"An espionage tale in which the victims... really bleed... An anti-hero... whose destruction is truly wrenching." Kirkus Reviews.


The Road to Maridur
The Road to Maridur: In the late 1970s, Jonathan Kelley visits the princely Indian family where his grandmother was governess during the last days of the Raj. He soon detects undercurrents and strains beneath his hosts' courtly generosity. Since their elder daughter married outside her caste and community, the family has been in sad decline, and to restore its standing, Sakuntala, the romantic younger daughter, appears destined to be sacrificed in a loveless arranged marriage to the feeble-minded son of distant wealthy relatives. The tensions between East and West, tradition and modernity, grow steadily more taut as an unspoken relationship develops between Sakuntala and Jonathan.

"Christopher New is among the best non-Asian writers currently writing in English about Asia. His reprinted and future works are worth looking out for." Far Eastern Economic Review

"The strength of this book is the beautifully crafted passages describing the settings and the people he characterises. And his insight that all of us are trapped by our personal, psychological and physical boundaries is expertly and subtly exposed." South China Morning Post


A Small Place in the Desert
A Small Place in the Desert: Summer is ending when Peter Saunders and his wife Clare arrive in Cairo to begin their guided tour of Egypt, where fifty years earlier Peter had served as a young British officer during the Muslim Brotherhood's campaign to drive the British out. For Clare, this is a chance to help Peter exorcise the ghosts of his past, and for her to learn something of the early love that has so scarred his life. An undercurrent is the relation of their earnest Egyptian guide both to his radical Islamist brother and to Peter's past, while their tour is punctuated by encounters with a naive young American couple whose innocent insensitivity leaves a trail of resentment behind them. Tensions mount as the young American woman lies insouciantly topless on a beach, while Peter confronts his darkest memories and Clare discovers what it was her husband has kept hidden for so long. But it is 9/11 when their tour ends, and both their guide and the naive young Americans have shocking discoveries of their own to make.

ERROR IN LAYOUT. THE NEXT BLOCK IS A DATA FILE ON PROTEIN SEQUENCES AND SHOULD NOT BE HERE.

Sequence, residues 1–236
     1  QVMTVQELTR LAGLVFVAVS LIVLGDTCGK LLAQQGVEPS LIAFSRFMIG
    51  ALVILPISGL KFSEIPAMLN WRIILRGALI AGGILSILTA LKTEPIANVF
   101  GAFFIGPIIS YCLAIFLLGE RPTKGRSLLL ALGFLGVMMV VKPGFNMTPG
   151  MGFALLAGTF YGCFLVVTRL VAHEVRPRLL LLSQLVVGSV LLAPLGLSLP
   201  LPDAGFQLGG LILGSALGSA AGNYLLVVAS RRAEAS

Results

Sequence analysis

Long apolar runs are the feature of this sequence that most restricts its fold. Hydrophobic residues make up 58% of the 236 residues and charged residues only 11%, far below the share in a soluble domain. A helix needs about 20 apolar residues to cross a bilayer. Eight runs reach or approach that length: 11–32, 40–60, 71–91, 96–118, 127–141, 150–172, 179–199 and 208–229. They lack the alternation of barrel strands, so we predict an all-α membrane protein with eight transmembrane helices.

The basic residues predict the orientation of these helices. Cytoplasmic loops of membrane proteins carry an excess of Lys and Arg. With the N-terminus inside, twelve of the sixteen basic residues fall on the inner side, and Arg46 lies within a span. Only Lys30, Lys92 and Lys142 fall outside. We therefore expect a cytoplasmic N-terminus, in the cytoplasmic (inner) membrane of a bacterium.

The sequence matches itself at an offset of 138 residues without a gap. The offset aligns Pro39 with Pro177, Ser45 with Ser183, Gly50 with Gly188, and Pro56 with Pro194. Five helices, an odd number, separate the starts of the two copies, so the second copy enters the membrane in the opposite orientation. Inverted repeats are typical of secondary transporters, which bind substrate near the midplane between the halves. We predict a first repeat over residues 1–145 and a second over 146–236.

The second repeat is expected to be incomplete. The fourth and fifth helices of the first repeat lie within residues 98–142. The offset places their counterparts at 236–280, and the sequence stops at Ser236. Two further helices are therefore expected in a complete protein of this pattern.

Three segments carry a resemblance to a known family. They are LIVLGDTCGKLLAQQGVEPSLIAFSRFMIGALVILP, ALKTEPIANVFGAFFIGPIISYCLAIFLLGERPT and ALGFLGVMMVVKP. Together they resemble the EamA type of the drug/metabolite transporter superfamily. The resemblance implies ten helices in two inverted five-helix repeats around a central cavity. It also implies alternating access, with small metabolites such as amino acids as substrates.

"A Small Place in the Desert is a clearly and beautifully written novel about the two tail ends of adulthood, a portrait of the artist as a young and old man." HK Magazine

"While the cyclical nature of history and life are the underlying themes of Christopher New's provocative novel, it is also the moving story of the Saunders' humdrum marriage as they 'spin out the evenings of the evenings of their lives'." South China Morning Post

"The novel's most painful flashback is the sinking morale felt by Grunts as fellow-soldiers get pegged off by snipers, one by one..." Asian Wall Street Journal


The Kaminsky Cure
The Kaminsky Cure: Lutheran Pastor Willibald Brinkmann has a sneaking admiration for Hitler, something his Jewish wife Gabi is unable to share. But when in 1933 the Brownshirts, affronted by Willibald's 'Jewish taint', tell him to find another twig to perch on, the family is forced to leave their prosperous German parish and find refuge in a small Austrian alpine village, where their last child - the narrator - is born. Then the Nazis arrive in Austria, and, since Willibald is weak and ambivalent, it falls mainly to Gabi to try to protect her family against the ever-tightening vice of persecution and the remorseless approach of the Final Solution. In one terrifying, yet often darkly humorous, episode after another, Gabi fights to keep her children alive in a world determined to destroy them. Then, at last, comes the dreaded knock on the door.

"A child's-eye view makes delusion and hypocrisy shockingly stark." Guardian

Contact Information and Links
Agent: Dr. Petra Eggers

Agentur Petra Eggers
Friedrichstraße 133
D - 10117 Berlin

T: +49 - (0)30 275 950 70
F: +49 - (0)30 275 950 710

Email for Dr. Petra Eggers: petra.eggers@agentur-eggers.de
Email for Mr. New: christopher.new@gmail.com
More information can be found at: Author Page at Amazon.com

Copyright © 2011 Christopher New  All rights reserved.